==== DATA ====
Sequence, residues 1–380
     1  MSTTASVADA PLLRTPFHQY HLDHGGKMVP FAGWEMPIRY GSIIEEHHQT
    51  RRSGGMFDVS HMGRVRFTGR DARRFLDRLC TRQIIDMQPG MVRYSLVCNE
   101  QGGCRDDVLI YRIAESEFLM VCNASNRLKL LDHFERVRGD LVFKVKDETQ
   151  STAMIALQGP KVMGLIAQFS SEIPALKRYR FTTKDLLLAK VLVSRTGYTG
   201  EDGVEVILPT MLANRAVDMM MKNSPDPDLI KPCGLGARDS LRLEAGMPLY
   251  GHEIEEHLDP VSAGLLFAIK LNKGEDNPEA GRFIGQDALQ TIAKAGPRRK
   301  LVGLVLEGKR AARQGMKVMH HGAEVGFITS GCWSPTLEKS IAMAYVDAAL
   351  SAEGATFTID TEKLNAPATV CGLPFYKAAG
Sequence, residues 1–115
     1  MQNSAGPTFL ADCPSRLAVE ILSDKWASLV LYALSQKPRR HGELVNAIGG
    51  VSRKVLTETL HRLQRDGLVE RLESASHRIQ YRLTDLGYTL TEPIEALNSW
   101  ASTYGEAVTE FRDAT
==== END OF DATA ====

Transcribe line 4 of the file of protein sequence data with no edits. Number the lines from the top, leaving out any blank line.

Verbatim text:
   101  QGGCRDDVLI YRIAESEFLM VCNASNRLKL LDHFERVRGD LVFKVKDETQ